Plenty of evidence in Bath’s historic Sydney Gardens of a new policy to open up areas of the parkland and reduce some of the undergrowth.
The laurel around the section of the Kennet and Avon Canal (John Rennie, excavated 1799-1810) that passes through the park has been heavily cut back. Two dead and dying fir trees have also been removed.
The gardens are the last remaining section of a Georgian Vauxhall or pleasure garden. It was laid out by Harcourt Masters and opened in 1795.
Once upon a time it offered waterfalls, pavilions, a sham castle, grotto, labyrinth and the means of al fresco dining.
The original features have all but disappeared but the central axis – in line with Great Pulteney Street on the other side of the Holburne Museum – remains.
This is now a huge wedge of tarmac the park could do without.
Meanwhile the other means of transport that cut across the greenery was Brunel’s Great Western Railway which was dug out in 1836-41.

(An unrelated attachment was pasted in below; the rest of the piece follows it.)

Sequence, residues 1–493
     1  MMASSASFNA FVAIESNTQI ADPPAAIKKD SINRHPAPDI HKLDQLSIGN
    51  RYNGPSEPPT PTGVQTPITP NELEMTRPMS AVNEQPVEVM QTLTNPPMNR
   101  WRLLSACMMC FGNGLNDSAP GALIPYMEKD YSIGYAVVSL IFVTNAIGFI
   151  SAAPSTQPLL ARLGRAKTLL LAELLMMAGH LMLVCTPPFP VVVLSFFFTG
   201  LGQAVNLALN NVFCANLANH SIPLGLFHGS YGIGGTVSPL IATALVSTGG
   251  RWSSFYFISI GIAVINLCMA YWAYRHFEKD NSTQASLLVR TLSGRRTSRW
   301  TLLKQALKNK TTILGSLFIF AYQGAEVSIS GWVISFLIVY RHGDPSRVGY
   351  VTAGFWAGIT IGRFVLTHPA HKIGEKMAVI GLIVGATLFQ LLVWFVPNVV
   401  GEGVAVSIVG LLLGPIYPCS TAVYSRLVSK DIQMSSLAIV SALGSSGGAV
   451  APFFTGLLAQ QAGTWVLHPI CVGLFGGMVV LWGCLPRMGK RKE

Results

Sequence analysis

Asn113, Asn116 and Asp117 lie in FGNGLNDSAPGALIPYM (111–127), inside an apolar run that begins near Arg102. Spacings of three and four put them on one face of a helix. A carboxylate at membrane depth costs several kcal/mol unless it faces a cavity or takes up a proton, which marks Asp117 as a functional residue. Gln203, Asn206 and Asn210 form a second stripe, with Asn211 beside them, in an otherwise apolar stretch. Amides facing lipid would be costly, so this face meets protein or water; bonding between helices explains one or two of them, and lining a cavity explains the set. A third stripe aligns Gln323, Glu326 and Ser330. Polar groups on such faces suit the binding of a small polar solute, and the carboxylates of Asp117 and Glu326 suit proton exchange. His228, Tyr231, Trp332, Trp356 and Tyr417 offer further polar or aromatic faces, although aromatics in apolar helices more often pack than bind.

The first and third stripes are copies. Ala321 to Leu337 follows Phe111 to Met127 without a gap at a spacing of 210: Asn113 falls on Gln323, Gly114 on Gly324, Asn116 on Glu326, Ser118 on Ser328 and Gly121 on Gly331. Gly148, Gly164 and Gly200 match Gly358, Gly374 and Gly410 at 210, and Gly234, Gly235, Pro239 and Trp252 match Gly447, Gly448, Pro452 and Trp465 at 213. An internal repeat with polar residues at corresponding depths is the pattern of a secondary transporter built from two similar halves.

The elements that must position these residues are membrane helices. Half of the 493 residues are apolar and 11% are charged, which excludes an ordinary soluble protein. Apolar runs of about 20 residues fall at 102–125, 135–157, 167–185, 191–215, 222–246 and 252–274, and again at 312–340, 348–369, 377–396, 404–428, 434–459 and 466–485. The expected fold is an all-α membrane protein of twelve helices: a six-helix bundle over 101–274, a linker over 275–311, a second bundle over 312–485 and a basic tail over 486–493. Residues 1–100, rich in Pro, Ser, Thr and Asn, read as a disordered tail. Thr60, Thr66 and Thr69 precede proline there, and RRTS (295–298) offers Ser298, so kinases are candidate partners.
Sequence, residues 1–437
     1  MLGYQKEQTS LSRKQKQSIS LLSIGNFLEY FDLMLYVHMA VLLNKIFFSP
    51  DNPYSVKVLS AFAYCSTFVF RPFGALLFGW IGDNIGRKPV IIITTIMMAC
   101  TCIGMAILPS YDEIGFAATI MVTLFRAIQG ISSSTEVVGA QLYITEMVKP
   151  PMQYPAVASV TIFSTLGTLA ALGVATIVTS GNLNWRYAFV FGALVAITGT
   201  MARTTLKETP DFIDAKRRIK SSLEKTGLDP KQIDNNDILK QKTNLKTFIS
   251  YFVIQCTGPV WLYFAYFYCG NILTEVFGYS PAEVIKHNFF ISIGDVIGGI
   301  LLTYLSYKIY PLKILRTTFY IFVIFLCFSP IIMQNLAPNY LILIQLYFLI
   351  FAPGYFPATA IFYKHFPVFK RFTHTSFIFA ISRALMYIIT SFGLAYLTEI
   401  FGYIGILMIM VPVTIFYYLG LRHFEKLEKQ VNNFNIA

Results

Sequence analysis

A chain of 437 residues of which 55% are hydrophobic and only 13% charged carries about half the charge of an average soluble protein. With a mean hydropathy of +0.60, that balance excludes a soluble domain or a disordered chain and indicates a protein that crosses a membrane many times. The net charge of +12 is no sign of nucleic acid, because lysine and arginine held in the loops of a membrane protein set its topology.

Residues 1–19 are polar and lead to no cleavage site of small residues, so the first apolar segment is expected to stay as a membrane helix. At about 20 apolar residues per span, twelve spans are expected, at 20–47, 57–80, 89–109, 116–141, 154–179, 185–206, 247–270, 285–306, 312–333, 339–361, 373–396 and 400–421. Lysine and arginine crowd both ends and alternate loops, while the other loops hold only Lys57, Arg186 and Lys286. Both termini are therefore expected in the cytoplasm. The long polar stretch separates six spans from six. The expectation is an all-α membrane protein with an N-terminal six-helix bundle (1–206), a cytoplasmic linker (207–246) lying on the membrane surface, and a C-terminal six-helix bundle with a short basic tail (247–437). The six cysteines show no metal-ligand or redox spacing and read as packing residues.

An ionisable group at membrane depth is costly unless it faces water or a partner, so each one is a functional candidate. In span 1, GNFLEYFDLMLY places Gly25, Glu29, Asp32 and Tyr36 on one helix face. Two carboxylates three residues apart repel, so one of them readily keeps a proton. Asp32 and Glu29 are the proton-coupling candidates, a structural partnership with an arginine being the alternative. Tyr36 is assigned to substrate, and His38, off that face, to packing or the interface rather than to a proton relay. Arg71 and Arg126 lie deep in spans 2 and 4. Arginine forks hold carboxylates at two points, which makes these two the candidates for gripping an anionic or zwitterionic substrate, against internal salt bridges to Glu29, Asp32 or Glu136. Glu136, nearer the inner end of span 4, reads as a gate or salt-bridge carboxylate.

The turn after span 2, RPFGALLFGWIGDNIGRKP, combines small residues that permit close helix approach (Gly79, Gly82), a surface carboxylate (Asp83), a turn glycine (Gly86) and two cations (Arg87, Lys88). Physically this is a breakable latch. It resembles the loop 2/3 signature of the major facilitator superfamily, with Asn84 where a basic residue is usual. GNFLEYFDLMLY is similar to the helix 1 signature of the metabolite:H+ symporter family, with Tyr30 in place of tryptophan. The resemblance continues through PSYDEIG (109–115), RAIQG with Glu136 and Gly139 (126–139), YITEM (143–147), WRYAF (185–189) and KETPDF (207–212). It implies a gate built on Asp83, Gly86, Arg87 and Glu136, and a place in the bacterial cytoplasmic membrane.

Two bridges – designed by the great Victorian engineer – cross the line in the park. A stone bridge – with pierced balustrading – and a cast iron footbridge.
Both will be affected by Network Rail’s engineering works for the electrification of the main line between Bristol and London.
The stone bridge will have to have a new barrier and the iron bridge will be taken away for conservation and then be re-erected – again with some sort of new barrier added.
It is the only iron bridge – designed by Brunel – now on the line.
The engineering works that form part of the multi billion pound project are continuing 24-7 as l witnessed around 9.30 pm last night. The service to London now involves a bus journey to Chippenham but the line should be re-opened by the end of the month.